Can CHOGM save the world? | Zac Goldsmith

Not according to UK MP Zac Goldsmith, who addressed the Commonwealth Business Forum earlier this month. But it can at least help point us in the right direction

British Conservative MP Zac Goldsmith interviewed

The starting pistol for this year’s Commonwealth Heads of Government meeting (CHOGM), to take place in Malta next November, was fired at a business forum at the Chamber of Commerce earlier this month. The timing alone seemed to underscore a certain urgency that has come to characterise such events these days. In the same week, stability and security levels in the Mediterranean seemed to take a sudden nosedive: with the Islamic State threatening to invade Italy from Libya, sandwiching little Malta precisely in the middle of the danger zone.

Admittedly, the Commonwealth does not exist to solve the world’s problems. But it does bring together over 50 heads of state or government under a single roof… which, apart from all the security headaches, also provides an excellent opportunity to exchange ideas and promote dialogue. And ideas are needed, it seems. Not only is there instability, war and terrorism to contend with on various global fronts; there are also epochal challenges to the environment, and the seemingly ever-present threat of yet another economic collapse.

Faced with all this, the declared aims of this year’s CHOGM – ‘to Add Global Value’ – might seem a little ambitious, given the state the world seems to be in right now. Yet on paper, if there is any global organisation on a large enough scale (outside the United Nations) to actually make a difference, surely that would be the Commonwealth… which brings together all 53 countries, comprising around 2.2 billion people, that were once territories within the former British Empire.

So what difference can CHOGM effectively make in today’s world? Has the sun finally set on the British Empire? And … what is the Commonwealth exactly, anyway? 

Zac Goldsmith, an MP for the British Conservative government and a recent guest speaker at the Business Forum, seems confident that the Commonwealth’s long year in history has not come to an end just yet. 

“I think the Commonwealth is an amazing club,” he begins in answer to my last question. “It’s unique: 53 countries comprising around 2.2 billon people. And the range of members is truly extraordinary: from giants like Canada and India, all the way to Samoa, Tuvalu and so on. You’ve got the full range of countries covering the whole earth, effectively. I can’t think of a comparable club…”

Nonetheless he concedes that – in international politics, at least – size isn’t everything. No matter how large, a community of countries has to have some kind of role to play, if it is not to be dismissed as a quaint historical anachronism. Zac Goldsmith, an environmentalist campaigner at home, reasons that the strength and purpose of the Commonwealth is rooted in its unparalleled collective experience of little and large countries that have faced common problems.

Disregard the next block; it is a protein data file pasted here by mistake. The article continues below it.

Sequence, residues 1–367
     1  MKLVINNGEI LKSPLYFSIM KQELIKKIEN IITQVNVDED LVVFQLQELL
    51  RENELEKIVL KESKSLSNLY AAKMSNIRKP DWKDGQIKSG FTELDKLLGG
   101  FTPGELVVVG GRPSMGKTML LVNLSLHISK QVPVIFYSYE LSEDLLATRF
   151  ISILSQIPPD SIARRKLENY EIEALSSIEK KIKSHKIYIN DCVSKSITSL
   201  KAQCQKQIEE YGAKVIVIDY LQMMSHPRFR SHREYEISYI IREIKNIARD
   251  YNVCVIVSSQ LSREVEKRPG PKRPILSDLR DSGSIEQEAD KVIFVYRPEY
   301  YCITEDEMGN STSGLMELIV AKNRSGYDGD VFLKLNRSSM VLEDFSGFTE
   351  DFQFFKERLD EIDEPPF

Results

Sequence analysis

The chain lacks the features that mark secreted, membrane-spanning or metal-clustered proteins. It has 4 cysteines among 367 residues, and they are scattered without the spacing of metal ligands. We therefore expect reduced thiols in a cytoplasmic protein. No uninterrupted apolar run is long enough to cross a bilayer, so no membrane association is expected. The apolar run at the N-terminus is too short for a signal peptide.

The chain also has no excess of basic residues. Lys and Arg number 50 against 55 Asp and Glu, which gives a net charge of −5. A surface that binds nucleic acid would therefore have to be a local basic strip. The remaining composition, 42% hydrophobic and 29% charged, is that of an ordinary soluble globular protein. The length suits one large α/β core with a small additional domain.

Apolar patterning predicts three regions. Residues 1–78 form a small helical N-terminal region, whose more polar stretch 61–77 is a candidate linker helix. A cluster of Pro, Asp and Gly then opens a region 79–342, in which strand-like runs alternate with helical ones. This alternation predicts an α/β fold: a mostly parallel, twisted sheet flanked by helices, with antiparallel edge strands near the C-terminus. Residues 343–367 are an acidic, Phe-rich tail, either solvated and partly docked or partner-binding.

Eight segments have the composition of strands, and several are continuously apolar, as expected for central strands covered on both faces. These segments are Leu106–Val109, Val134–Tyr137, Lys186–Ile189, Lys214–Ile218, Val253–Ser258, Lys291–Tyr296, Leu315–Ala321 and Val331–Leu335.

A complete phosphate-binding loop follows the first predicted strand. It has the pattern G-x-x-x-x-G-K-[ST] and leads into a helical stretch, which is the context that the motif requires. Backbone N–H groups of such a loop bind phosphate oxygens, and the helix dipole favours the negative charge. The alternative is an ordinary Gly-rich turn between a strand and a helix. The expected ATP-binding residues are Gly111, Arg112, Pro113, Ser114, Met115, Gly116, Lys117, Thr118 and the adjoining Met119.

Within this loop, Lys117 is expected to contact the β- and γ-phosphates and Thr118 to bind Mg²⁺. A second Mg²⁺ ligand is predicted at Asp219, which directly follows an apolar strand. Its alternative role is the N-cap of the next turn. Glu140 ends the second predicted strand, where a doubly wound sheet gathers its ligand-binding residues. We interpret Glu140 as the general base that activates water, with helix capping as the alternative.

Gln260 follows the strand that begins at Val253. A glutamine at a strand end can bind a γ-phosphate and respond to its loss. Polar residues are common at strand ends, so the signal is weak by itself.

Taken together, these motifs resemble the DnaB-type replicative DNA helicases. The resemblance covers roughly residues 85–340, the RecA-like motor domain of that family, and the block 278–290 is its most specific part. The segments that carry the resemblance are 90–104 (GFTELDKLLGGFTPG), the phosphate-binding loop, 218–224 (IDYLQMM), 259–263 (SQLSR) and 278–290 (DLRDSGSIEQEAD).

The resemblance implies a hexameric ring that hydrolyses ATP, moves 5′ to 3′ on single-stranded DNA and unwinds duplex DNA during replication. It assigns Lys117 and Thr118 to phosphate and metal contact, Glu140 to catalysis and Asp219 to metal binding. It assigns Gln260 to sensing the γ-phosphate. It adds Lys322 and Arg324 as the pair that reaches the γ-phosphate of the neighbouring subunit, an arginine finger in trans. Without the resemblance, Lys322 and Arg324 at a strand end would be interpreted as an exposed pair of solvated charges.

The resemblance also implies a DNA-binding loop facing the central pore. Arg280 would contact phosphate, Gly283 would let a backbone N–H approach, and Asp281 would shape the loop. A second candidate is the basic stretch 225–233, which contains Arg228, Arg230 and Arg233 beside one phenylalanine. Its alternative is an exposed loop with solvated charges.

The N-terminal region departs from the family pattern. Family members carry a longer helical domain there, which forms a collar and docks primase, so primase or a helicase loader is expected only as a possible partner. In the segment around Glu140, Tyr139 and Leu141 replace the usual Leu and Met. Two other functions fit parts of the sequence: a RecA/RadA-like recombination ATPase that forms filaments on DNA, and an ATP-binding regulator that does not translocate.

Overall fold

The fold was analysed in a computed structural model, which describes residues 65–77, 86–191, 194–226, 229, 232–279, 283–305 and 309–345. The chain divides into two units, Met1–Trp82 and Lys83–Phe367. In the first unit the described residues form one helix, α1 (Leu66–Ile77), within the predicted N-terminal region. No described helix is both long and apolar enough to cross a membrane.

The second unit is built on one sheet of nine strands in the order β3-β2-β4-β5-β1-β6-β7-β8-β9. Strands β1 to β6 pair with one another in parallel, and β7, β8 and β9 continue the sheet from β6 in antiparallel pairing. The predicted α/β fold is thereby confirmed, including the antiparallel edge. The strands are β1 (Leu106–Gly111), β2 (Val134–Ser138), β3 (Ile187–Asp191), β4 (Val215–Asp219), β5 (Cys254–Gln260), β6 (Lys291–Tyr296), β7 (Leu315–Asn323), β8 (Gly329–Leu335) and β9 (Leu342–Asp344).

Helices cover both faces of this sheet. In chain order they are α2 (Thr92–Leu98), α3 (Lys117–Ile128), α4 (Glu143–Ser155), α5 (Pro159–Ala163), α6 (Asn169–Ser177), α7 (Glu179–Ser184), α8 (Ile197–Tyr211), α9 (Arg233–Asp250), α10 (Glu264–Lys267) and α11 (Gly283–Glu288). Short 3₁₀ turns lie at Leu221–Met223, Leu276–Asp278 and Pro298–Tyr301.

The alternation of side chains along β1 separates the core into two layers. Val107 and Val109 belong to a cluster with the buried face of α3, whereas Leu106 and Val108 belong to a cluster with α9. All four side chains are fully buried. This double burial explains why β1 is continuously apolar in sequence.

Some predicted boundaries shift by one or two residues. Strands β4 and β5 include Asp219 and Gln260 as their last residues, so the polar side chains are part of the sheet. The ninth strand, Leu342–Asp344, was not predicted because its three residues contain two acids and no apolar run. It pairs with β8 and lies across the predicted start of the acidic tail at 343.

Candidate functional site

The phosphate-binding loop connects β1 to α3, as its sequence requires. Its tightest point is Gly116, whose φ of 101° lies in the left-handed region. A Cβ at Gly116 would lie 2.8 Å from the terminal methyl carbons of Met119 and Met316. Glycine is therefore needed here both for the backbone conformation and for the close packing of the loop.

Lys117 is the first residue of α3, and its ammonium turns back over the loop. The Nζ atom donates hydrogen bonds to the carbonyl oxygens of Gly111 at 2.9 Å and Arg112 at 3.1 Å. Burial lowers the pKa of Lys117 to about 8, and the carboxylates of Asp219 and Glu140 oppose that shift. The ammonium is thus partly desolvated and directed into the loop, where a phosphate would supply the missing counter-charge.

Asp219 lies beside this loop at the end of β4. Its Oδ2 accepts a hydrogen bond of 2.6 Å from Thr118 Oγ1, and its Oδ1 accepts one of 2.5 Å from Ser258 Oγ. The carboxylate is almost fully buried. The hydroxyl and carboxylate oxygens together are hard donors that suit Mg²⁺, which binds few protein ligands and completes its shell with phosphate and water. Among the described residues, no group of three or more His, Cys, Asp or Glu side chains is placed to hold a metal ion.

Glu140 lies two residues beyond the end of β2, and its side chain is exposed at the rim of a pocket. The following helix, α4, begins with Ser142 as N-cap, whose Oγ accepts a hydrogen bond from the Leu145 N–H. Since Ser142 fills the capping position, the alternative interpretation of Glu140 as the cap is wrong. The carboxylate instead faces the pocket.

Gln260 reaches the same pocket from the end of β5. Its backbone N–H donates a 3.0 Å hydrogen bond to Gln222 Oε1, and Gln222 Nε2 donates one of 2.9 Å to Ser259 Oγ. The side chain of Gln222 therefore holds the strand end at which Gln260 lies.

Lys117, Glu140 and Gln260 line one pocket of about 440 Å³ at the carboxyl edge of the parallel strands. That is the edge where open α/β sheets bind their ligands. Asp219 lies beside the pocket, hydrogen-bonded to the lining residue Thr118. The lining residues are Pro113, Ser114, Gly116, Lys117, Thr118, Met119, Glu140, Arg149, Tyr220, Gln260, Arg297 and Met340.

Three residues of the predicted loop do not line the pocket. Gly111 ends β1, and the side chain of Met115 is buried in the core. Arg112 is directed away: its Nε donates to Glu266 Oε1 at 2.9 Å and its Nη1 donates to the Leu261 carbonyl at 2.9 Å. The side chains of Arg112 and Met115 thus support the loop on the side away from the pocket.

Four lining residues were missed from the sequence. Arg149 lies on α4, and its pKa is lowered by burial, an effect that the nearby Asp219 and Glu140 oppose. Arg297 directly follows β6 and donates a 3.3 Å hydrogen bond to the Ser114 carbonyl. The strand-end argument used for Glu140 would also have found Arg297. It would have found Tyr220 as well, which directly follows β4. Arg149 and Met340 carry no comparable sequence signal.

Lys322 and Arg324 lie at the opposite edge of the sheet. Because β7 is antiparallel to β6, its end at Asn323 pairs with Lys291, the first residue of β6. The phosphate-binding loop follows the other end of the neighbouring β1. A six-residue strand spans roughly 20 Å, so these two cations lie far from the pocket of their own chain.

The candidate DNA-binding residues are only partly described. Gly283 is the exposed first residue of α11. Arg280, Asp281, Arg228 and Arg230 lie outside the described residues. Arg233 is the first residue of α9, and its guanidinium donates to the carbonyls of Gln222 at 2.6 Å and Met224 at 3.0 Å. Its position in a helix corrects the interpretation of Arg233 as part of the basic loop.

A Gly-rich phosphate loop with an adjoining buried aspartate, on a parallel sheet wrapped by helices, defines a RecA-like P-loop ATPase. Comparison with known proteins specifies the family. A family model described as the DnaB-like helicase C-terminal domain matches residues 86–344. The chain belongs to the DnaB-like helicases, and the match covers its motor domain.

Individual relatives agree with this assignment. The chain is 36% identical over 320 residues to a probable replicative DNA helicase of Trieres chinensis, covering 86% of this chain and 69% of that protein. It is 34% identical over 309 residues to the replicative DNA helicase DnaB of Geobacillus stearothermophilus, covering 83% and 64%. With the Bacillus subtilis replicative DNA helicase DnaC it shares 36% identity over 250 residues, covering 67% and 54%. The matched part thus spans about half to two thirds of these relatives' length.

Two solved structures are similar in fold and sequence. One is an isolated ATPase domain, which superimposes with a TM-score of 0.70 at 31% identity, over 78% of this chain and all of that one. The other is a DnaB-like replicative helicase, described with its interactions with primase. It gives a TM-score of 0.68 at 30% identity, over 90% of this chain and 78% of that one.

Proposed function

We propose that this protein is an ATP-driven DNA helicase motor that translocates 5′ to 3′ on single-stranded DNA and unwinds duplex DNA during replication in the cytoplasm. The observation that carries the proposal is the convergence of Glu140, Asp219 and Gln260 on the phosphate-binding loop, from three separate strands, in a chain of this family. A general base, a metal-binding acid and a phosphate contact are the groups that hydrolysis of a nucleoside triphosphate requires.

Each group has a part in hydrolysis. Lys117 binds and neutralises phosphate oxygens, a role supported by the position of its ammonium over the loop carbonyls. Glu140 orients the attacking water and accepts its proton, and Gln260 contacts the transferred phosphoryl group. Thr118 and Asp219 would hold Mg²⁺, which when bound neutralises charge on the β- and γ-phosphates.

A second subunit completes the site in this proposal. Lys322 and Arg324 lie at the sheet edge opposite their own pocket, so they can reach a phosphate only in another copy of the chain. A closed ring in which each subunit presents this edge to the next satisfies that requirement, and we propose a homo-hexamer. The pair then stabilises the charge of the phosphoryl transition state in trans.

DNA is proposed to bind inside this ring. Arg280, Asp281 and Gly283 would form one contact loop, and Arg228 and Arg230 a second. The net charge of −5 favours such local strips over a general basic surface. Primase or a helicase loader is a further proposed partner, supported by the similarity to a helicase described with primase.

“But it needs to remain relevant. The main reason I’m excited that ‘sustainability’ is part of the core [CHOGM] agenda for the first time, is that it’s the defining issue of our age. Of course we need to talk about growth, about investing in infrastructure, tourism and all these different component parts that make up the agenda; but each of those priorities, each of those challenges has to have sustainability at its heart. Otherwise we’d be building an infrastructure which will be obsolete in the near future.”

Here to address a business forum, it is perhaps understandable that Goldsmith would give economic reasons to pursue a more environmentalist agenda. But he argues that it is impossible to separate trade and commerce from environmental concerns.

“If you’re a small island state and you’re building an energy infrastructure, it makes no sense to build something that will be out of date, and very expensive in the short term. It makes sense to start thinking of alternatives and new opportunities, and creating an infrastructure that has a chance of lasting, at costs which are more likely to go down than up. The fact that the Prime Minister here has chosen to make sustainability a common thread that runs through all these component parts, I think it’s inspired. I’m excited at the prospects of this event. It’s not going to solve the world’s problems, but it will contribute…”

Talk of ‘defining challenges’ calls to mind climate change – a global issue that cannot, in fact, be addressed except through agreement between all countries. With its 53 member countries (including major industrial giants in their own right), the Commonwealth could achieve significant progress merely by agreeing among itself. Yet as things stand, it is also a significant contributor to the problem in terms of global emissions. By placing ‘sustainability’ on the CHOGM agenda, has the emphasis become precisely to reach this kind of agreement? Does Zac Goldsmith expect CHOGM to end in a common strategy to address this issue?